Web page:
OSHA requirements are set by statute, standards and regulations. Our interpretation letters explain these requirements and how they apply to particular circumstances, but they cannot create additional employer obligations. This letter constitutes OSHA's interpretation of the requirements discussed. Note that our enforcement guidance may be affected by changes to OSHA rules. Also, from time to time we update our guidance in response to new information. To keep apprised of such developments, you can consult OSHA's website at http://www.osha.gov.

June 15, 1994

Mr. Edward A. Kinsel
C.J.'s Inc.
120 Wansley Drive
Cartersville, Georgia 30120

Dear Mr. Kinsel:

This is in response to your letter of February 15, 1993 and to the May 2, 1993 telephone conversation you had with Mr. James C. Dillard of my staff, in which you sought an interpretation from the Occupational Safety and Health Administration (OSHA) on whether the standard at 29 CFR 1910.107, Spray finishing using flammable and combustible materials, applies to flammable aerosol adhesives used to bond fiber and particle boards together. Please accept our apology for the delay in our response.

In the aforementioned communications, you stated that the adhesives are contained in both 12 ounce (0.34kg) aerosol cans and 40 pound (181.44kg) cylinders, with the latter hose-connected to a spray gun. With exceptions (See 1910.107(n), Scope.), flammable aerosol adhesives sprayed from containers as described above are covered by 1910.107.

OSHA's opinion is that the National Fire Protection Association's (NFPA's) NFPA 33 Code is intended to cover all spray applications of flammable and combustible materials. The NFPA-33 Code, 1969 Edition, upon which OSHA adopted its 1910.107 standard, was originally titled Spray Finishing Using Flammable and Combustible Materials. Because of confusion as to what might be considered "Finishing", the title was changed in the 1973 edition of the NFPA-33 Code to Spray Application Using Flammable and Combustible Materials. At the request of OSHA, this opinion has been verified by Mr. W.H. White on the committee on finishing processes of the National Fire Protection Association. A copy of his letter is enclosed for your use.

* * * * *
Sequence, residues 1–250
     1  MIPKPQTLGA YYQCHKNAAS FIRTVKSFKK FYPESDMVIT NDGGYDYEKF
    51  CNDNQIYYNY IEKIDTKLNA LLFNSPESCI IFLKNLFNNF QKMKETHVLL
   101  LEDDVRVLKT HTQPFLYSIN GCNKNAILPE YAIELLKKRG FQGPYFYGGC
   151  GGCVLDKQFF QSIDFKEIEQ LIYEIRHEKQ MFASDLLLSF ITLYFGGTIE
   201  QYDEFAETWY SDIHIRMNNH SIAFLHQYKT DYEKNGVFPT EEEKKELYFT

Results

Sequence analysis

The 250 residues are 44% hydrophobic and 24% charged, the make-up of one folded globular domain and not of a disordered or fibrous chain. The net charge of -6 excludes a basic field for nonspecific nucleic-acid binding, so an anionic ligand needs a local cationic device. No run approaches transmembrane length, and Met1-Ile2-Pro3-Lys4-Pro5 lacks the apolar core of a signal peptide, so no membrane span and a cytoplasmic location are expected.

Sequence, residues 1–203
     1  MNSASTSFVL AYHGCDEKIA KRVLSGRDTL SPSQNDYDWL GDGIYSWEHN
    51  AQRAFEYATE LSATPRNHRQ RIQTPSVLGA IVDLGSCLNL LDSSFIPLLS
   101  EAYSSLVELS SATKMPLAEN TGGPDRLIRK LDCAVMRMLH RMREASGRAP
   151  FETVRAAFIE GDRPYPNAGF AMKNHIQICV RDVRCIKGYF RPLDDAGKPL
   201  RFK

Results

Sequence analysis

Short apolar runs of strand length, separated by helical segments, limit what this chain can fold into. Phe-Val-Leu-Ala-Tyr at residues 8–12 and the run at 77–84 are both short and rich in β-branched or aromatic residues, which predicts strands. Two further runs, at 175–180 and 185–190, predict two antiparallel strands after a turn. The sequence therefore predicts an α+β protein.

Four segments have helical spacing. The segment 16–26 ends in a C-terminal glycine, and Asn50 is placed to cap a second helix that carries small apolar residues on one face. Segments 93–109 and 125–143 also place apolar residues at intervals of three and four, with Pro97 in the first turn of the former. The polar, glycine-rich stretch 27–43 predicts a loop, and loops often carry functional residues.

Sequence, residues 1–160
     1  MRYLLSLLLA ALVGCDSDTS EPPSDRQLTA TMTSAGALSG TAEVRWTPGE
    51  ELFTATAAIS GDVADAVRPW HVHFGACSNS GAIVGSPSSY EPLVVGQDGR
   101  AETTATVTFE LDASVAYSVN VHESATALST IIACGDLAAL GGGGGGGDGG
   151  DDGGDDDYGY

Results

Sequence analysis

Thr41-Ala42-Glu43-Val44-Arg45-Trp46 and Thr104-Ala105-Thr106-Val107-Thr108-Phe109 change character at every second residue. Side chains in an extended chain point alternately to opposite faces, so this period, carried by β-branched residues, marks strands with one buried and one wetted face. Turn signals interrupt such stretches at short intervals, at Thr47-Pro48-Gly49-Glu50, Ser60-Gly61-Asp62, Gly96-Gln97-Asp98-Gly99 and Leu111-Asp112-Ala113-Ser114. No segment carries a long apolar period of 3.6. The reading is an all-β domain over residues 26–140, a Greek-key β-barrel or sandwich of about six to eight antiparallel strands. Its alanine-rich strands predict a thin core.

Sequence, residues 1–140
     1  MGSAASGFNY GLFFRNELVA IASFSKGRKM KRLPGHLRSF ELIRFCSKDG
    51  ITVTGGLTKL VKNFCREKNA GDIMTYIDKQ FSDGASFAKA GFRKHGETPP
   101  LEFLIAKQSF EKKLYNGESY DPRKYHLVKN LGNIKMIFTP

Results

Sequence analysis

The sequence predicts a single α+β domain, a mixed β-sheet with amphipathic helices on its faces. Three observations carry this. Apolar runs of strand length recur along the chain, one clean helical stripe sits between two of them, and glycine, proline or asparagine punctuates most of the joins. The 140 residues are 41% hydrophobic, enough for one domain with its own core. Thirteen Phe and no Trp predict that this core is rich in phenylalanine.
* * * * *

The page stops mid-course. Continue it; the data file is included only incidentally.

Also, in your letter you stated that the use of aerosol containers which you describe as small portable spraying apparatus which could be used in multiple locations are excluded from 1910.107 coverage. Further you indicated your understanding that aerosol adhesives must be used properly, including only using them in areas where there are no open flames or sources of ignition within the possible vapor path. Please be advised that the routine inside use of small portable spraying apparatus, including small portable aerosol containers at the same location is covered by the 1910.107 standard. The occasional use of single aerosol containers at different locations inside a building would not be covered by the 1910.107 standard. Other applicabilities of this standard would have to be judged, on a case by case basis, upon inspection by our Compliance Safety and Health Officers (CSHO's). Additionally, CSHO's may inspect such applications for compliance with Subpart S - Electrical and Subpart Z - Toxic and Hazardous Substances and other applicable OSHA standards. Also Section 5(a)(1) of the Occupational Safety and Health Act (OSH Act) may also be used as a basis for citation of serious safety violations not specifically addressed by OSHA standards. Section 5(a)(1) of the OSHA Act states: "each employer shall furnish to each of his employees employment and a place of employment which are free from recognized hazards that are causing or likely to cause death or serious physical harm to employees".

Thank you for your interest in occupational safety and health. If we may be of further assistance, please contact us.

Sincerely,



John B. Miles, Jr., Director
Directorate of Compliance Programs